- A Whopper of an honor: Local company named top Burger King franchisee (11/15/17)3
- Southern Illinois farmer's grapevines destroyed by dicamba; four years of work lost (10/29/17)2
- Aldi store reopens after renovations (11/14/17)3
- Decisions coming soon on steel mill, smelter in New Madrid (11/17/17)1
- Residents view pedestrian bridge as eyesore; city manager says it's designed to rust (11/13/17)8
- State audit: Bollinger County tax levies violate state law; county commission disagrees (11/17/17)3
- Cape native co-directs Thanksgiving-related indie film, 'Drinksgiving' (11/17/17)
- The Tungsten Groove to release first album featuring original songs (11/17/17)
- Son of Westboro Baptist Church patriarch discusses abuse, faith (11/15/17)6
- Federal jury finds surgeon Fonn guilty of kickback scheme (11/10/17)4
China to slow growth in select sectors
SHANGHAI, China -- After years of breakneck growth, China announced steps Thursday to reduce a feared overexpansion in some industries that is causing energy shortages and could lead to financial problems.
The Cabinet issued orders to curb spending on construction, factories and equipment by slowing down approvals for projects, the official Xinhua News Agency reported.
It gave few details but said President Hu Jintao and other leaders, meeting Christmas Eve, also agreed to "limit market entry" -- a possible reference to banning new competitors in some fields.
China's economy has been expanding by more than 8 percent a year, helped by heavy government spending. Official outlays were especially big this year to counter the impact of China's outbreak of severe acute respiratory syndrome, which hurt travel and retail businesses.
After several years of trying to prop up economic demand for fear of falling prices and an economic slump, China now faces the opposite problem, worrying that heavy spending on real estate, factories and other investments could cause prices to spiral out of control.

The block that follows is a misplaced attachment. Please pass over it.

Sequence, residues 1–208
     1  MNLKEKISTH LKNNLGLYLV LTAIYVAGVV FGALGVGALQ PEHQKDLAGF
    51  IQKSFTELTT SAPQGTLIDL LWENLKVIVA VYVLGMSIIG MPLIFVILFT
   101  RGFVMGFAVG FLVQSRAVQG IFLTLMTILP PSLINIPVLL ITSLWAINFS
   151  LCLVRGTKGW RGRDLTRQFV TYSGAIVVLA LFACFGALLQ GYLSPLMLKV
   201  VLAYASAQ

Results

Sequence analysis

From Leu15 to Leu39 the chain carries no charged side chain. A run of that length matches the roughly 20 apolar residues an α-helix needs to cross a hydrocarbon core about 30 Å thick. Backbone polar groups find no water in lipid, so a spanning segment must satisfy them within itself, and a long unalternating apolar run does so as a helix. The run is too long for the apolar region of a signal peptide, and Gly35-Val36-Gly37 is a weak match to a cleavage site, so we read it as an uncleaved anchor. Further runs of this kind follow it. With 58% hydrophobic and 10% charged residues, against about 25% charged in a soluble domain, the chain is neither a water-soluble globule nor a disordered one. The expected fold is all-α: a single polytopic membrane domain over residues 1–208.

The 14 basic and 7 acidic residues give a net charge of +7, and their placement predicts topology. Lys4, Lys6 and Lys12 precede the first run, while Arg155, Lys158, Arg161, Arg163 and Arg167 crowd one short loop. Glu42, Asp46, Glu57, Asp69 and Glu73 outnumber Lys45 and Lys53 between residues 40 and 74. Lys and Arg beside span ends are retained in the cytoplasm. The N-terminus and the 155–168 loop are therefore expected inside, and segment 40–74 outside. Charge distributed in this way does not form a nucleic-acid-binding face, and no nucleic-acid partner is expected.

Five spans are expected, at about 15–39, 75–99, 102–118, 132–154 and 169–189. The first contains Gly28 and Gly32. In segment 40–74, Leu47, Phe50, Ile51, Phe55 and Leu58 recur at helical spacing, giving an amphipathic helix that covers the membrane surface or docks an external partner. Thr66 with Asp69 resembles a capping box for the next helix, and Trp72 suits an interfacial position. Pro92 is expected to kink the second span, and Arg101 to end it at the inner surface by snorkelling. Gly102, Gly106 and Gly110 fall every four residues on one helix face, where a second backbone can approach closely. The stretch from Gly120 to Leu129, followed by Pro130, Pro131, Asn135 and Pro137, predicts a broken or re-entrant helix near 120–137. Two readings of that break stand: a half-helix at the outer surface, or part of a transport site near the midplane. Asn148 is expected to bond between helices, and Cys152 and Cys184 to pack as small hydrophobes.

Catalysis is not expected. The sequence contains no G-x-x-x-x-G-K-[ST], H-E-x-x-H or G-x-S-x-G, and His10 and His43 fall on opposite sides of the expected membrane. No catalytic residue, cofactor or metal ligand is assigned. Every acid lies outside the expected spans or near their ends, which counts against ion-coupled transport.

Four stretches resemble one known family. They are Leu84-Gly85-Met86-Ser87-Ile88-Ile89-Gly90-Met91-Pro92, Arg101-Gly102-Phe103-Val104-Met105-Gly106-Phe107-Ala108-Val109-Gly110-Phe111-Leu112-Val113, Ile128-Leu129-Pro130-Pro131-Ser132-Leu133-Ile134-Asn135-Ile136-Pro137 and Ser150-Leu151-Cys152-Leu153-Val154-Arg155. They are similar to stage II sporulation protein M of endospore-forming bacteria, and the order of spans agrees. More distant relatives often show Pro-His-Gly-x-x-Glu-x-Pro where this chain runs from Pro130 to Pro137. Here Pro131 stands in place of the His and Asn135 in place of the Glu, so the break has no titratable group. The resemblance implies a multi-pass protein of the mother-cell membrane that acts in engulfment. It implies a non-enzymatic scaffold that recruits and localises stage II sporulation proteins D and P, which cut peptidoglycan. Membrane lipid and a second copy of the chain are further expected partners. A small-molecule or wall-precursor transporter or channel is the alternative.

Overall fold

"Credit and money supply are growing too fast. If this continues, China risks further overinvestment and asset price and consumer price inflation," said Robert Subbaraman, an economist at investment bank Lehman Brothers in Tokyo.
"They want to tap on the brakes but don't want the economy to come to a screeching halt."
Leaders also want to relieve shortages of power, coal and oil that have plagued Chinese cities this winter and to ensure food supplies for the Lunar New Year festival in January, China's biggest holiday, Xinhua and other state media reported.
The announcement comes amid official warnings that Chinese businesses are investing too much in steel production and other fields, raising the risks of an industrial glut and financial problems.
The power shortages are signs that demand for resources may be outstripping supplies.
"China is trying to slow its economy to a sustainable pace as it faces up to resource constraints and structural imbalances," Andy Xie, managing director at Morgan Stanley, wrote in a recent research report.
The government has been trying to rein in what it terms "blind investments."
Banks have been ordered to raise the ratio of deposits that they hold as a percentage of loans and to cut credit to developers building luxury apartments and commercial complexes.
But investment has soared, jumping by 29.6 percent in the first 11 months of the year, according to the government.
The Cabinet also agreed to a new strategy aimed at helping the poorer countryside, shifting revenues from government bond sales to build public health facilities, irrigation and other rural services, Xinhua said.
Until now, the billions of dollars raised from government bonds has mostly gone into urban areas -- overhauling state industry and building expressways and other infrastructure.
Improving rural incomes would also help boost flagging demand for consumer goods among the less affluent 600 million of China's 1.3 billion people living in the vast countryside.
To reverse a decline in grain harvests, the government will cut farm taxes, guarantee supplies of agricultural materials -- such as seeds, fertilizer and pesticides -- and apply "preferential policies" to grain growing provinces, the report said.
Investment would be focused on the less developed, inland western regions of the country, it said without providing further details.
Whether the central government's shift in policy will actually curb local spending and investment is unclear, given the strong incentives profiteering local officials have to boost tax revenues and sell land to investors.
"It's become more difficult than for many, many years to forecast where the Chinese economy is heading," says Subbaraman of Lehman Brothers.
"There are good arguments why it should boom and equally good arguments why it should slow down."